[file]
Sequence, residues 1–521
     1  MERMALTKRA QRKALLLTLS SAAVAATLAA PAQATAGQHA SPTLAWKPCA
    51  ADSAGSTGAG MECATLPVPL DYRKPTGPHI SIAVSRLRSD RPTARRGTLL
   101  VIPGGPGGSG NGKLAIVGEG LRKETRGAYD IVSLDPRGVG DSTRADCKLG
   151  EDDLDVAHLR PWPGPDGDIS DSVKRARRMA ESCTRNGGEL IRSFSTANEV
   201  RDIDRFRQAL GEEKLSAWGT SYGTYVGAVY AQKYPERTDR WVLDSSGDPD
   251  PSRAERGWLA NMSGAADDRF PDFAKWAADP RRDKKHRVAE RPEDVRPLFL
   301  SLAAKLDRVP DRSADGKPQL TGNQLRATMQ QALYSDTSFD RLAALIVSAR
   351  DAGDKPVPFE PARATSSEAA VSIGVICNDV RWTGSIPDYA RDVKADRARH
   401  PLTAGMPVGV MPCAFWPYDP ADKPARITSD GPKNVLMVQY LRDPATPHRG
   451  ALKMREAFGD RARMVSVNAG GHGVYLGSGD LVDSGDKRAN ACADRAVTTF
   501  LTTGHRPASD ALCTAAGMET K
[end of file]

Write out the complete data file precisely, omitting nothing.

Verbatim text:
Sequence, residues 1–521
     1  MERMALTKRA QRKALLLTLS SAAVAATLAA PAQATAGQHA SPTLAWKPCA
    51  ADSAGSTGAG MECATLPVPL DYRKPTGPHI SIAVSRLRSD RPTARRGTLL
   101  VIPGGPGGSG NGKLAIVGEG LRKETRGAYD IVSLDPRGVG DSTRADCKLG
   151  EDDLDVAHLR PWPGPDGDIS DSVKRARRMA ESCTRNGGEL IRSFSTANEV
   201  RDIDRFRQAL GEEKLSAWGT SYGTYVGAVY AQKYPERTDR WVLDSSGDPD
   251  PSRAERGWLA NMSGAADDRF PDFAKWAADP RRDKKHRVAE RPEDVRPLFL
   301  SLAAKLDRVP DRSADGKPQL TGNQLRATMQ QALYSDTSFD RLAALIVSAR
   351  DAGDKPVPFE PARATSSEAA VSIGVICNDV RWTGSIPDYA RDVKADRARH
   401  PLTAGMPVGV MPCAFWPYDP ADKPARITSD GPKNVLMVQY LRDPATPHRG
   451  ALKMREAFGD RARMVSVNAG GHGVYLGSGD LVDSGDKRAN ACADRAVTTF
   501  LTTGHRPASD ALCTAAGMET K